Washington, DC—The Window & Door Manufacturers Association WDMA) called on the federal government “to immediately enter negotiations to enact a new Softwood Lumber Agreement between the United States and Canada that it believes reasonably ensures a supplemental supply of lumber is accessible to domestic consumers.”
The statement, included in its just-released 2022 WDMA National Policy Agenda, reflects concern about growing window shortages that is hampering home builders. Sixty-one percent of home builders cited long lead times on windows as a critical concern.
“As we enter a third year of the pandemic, and in the face of a persistent shortage of adequate available labor coupled with unresolved challenges in the supply chain, it is crucial for Congress and the Biden Administration to collaboratively advance legislation and policies that will support robust growth for 2022,” says WDMA Chair Steve Tourek, who is also senior VP & general counsel for the Marvin Companies, a 7,000-employee window manufacturer. “This National Policy Agenda outlines policies that promote energy efficiency and workforce development, promote sound fiscal policies, and ensure a strong supply chain so manufacturers, their channel partners and consumers are successful.”
The 2022 WDMA National Policy Agenda details at some length trade policies that inhibit its members’ businesses, noting “members rely on continued access to raw materials from domestic and imported sources necessary for manufacturing windows, doors, skylights, and architectural door products.” Trade policies, says WDMA, should allow for the legal importation of wood and significantly contribute to reducing illegal logging.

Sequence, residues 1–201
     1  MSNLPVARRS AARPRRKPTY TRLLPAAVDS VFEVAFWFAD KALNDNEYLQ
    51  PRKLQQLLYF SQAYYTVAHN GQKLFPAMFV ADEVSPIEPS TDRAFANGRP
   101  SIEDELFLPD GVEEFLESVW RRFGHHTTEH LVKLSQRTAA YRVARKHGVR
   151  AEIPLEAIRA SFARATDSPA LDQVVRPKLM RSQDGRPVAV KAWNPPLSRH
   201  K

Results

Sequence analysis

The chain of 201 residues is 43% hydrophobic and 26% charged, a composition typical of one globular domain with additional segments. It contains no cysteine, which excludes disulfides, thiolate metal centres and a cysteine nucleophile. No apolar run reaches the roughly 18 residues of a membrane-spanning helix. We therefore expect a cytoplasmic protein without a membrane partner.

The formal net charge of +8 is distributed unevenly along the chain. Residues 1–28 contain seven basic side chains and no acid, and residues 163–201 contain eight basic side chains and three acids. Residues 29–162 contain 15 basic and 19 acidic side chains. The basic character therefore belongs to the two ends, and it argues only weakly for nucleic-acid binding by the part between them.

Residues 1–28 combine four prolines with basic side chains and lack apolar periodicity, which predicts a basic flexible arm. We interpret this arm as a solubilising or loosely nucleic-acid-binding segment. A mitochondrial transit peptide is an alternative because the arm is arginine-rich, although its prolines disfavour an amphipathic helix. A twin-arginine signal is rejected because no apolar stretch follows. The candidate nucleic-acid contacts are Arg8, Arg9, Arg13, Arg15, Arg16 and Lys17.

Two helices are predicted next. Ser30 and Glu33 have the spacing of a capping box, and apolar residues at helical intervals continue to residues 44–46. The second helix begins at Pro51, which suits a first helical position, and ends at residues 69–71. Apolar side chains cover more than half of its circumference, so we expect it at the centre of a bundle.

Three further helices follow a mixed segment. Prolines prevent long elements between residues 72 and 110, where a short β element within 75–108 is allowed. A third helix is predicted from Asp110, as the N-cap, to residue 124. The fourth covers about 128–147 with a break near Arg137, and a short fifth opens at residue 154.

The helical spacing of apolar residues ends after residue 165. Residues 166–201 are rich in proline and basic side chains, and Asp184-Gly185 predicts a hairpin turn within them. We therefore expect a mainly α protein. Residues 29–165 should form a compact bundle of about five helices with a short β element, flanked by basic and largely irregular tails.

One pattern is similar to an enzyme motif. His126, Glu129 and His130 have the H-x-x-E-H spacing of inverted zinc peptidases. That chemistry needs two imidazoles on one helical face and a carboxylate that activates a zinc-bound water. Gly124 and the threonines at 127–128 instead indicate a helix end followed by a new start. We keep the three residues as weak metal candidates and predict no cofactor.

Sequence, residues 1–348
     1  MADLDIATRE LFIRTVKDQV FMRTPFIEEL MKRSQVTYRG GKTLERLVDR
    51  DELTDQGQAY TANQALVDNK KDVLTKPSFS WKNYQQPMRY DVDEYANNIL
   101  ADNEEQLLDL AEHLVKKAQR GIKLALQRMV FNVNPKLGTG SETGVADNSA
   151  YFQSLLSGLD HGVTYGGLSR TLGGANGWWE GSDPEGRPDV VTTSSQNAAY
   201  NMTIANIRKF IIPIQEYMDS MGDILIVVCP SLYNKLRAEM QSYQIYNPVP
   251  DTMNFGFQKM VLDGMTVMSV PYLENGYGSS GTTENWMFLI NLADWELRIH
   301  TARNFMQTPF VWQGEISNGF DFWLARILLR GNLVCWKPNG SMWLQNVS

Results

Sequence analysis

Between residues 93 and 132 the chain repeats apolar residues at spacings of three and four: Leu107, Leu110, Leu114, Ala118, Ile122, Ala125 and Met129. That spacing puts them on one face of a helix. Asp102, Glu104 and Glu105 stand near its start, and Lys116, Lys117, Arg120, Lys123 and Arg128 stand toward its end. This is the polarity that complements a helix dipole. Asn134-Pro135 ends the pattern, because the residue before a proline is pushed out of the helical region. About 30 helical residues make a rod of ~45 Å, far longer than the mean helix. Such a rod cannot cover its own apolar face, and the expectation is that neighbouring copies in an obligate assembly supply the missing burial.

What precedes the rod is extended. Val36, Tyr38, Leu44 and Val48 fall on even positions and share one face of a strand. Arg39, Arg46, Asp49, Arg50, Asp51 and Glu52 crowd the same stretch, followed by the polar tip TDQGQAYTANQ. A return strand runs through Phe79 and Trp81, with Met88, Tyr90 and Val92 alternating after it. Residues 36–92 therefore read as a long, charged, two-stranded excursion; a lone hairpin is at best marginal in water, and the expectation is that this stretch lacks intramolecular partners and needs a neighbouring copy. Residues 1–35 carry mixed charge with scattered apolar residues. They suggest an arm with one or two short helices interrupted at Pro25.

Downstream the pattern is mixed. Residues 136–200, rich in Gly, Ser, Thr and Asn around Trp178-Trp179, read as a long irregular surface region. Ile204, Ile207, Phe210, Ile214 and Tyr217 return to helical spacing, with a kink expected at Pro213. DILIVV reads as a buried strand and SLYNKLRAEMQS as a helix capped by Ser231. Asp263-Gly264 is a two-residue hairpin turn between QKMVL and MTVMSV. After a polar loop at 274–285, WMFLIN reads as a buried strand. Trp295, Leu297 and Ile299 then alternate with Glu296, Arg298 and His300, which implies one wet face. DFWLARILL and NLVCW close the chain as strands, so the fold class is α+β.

Calling for policy to “balance environmental stewardship of natural resources with the need to maintain stable and predictable access to raw materials,” WDMA says it “supports legislation clarifying the regulatory guidelines and enforcement rules of the Lacey Act, bringing the declaration requirement in line with its intended purpose of prohibiting the trade of products made with illegally harvested wood while reducing excessive and unnecessary costs to the regulated community.”
In a section devoted to trade policy, WDMA says, “Domestic trade policy must allow manufacturers to access global markets,” and asks for “the elimination of border barriers that hinder market access, including tariffs and non-tariff barriers.”
Board members of WDMA include Emily Videtto, Pella Corp.; Jeff DeLona, Kolbe Windows & Doors; Bob Lewis, Masonite; Dave Pinder, Cardinal Glass; Fenton Challgren, Therma-Tru Doors; Earl Dodson, Cornerstone Building Products; Greg Jansen, Stiles Machinery; Shawn Laskoski, Jeld-Wen; Dick Moreno, Lynden Door; Mark Rieser, Windsor Windows & Doors; Steve Sisson, VT Industries; Andrea Nordaune, Andersen Corp.; Richard Wines, Southland Windows; and Michelle Nissen, AmesburyTruth.
Grow your business at the premier global woodworking trade show.
International Woodworking Fair
August 6–9, 2024
8:30 AM–5:00 PM
8:30 AM–2:00 PM
Georgia World Congress Center
285 Andrew Young International Blvd
Atlanta, GA 30313